|Bowling lanes are
primarily conditioned to protect the lanes. Most lanes are conditioned
with a specially developed oil for bowling center use. Most of these are
made from medical grade mineral oil and may have some extra additives to
increase it's surface tension and durability. Cleaners with solvents or
lower amounts of "solids" which creates more inconsistency is
no longer in use by most centers.
The lanes must be conditioned often since most oils begin to evaporate
as soon as they are applied to the lane. Some new oils have been
developed to last longer, and remain more consistent throughout the day.
However, they can only be applied with very expensive and highly
technical lane conditioning machines.
Glacier Lanes and other better bowling centers are constantly
carefully evaluating the lane conditioning process and procedures to
provide our customers with more consistent lane conditions. However, the
number of people that bowled on the lane, types of balls used, overhead
lighting, the porosity of the wood or the synthetic lane, humidity, and
temperature of the center also effect the conditions to some degree.
The pattern or the position of where the dressing is applied is also
very important. The condition of the lane's surface can also become an
important factor. All of these factors explained above play an important
role on the ball's reaction with the lane once it leaves the bowlers
|Consistency must be achieved first.
|Before attempting to
adjust to conditions, you must have a consistent delivery and release.
Do not attempt to adjust if you do not:
Once these factors are consistent, its time
to start considering the condition of the lane and how to adjust.
- Have an accurate, consistent arm
- Have a properly timed arm swing with
your foot movements.
- Have mastered your release, and it is
the same every time.
- Have a straight approach, without
drifting more than 3 boards to the left or the right.
|Types of Conditions
|Oily, Medium, and Dry are the three basic types of lane
conditions that you can encounter. The oilier the lane the more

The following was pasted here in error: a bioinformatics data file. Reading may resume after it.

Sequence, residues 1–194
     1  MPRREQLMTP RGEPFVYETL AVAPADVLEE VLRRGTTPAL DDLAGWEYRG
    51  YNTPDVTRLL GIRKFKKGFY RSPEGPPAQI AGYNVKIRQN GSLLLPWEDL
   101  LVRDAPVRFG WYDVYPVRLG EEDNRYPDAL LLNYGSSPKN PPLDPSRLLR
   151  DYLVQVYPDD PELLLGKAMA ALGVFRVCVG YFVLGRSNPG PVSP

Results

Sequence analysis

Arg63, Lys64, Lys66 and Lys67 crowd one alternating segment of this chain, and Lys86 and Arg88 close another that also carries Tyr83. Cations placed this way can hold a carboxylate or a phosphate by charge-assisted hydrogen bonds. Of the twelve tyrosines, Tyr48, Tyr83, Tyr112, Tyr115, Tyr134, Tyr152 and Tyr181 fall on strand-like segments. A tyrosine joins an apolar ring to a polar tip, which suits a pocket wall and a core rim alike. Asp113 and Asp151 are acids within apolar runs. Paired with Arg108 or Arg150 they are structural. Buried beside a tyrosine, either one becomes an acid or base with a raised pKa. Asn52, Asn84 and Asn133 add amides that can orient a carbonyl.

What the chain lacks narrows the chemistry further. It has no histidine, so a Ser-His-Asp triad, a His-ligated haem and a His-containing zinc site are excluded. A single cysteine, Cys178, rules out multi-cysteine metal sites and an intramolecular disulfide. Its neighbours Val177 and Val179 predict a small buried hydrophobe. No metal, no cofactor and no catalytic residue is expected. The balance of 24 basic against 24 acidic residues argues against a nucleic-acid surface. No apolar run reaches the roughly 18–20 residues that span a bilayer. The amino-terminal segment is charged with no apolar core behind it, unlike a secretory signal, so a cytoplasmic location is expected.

the ball will skid before it begins to roll and then hook. If the lanes
are dry the ball will skid less, roll and then hook much earlier
and more than it would on an oilier lane.
- Oily Lane = Less Hook
- Dry Lane = More, earlier Hook.
|How to Adjust
|There are two basic
rules for adjusting to lane conditions: Move in the direction of the
Error or Take advantage of the conditions.
Move in the direction of the Error
If your ball is consistently missing to the right, move to the right in
the stance. If your ball is consistently missing to the left, move to
the left. You should move the same amount of boards by which you missed.
It is important to use the same target out on the lane and open or close your shoulders in relation to your target.
For right-handed bowlers, open your shoulders when you adjust to the
left, and close your shoulders when you adjust to the right.
For left-handed bowlers, close your shoulders when you adjust to the
left, and open your shoulders when you adjust to the right.
It is important to remember, to continue to walk strait to the
foul line even though you may be moving to the left or the right.
Take advantage of the conditions
When taking full advantage of the conditions you should play a hook game
when the lanes are dry, or play a straight game when the lanes are oily.
A hook ball is nearly impossible, when the lanes are very oily just as a
straight ball would be difficult when they are very dry.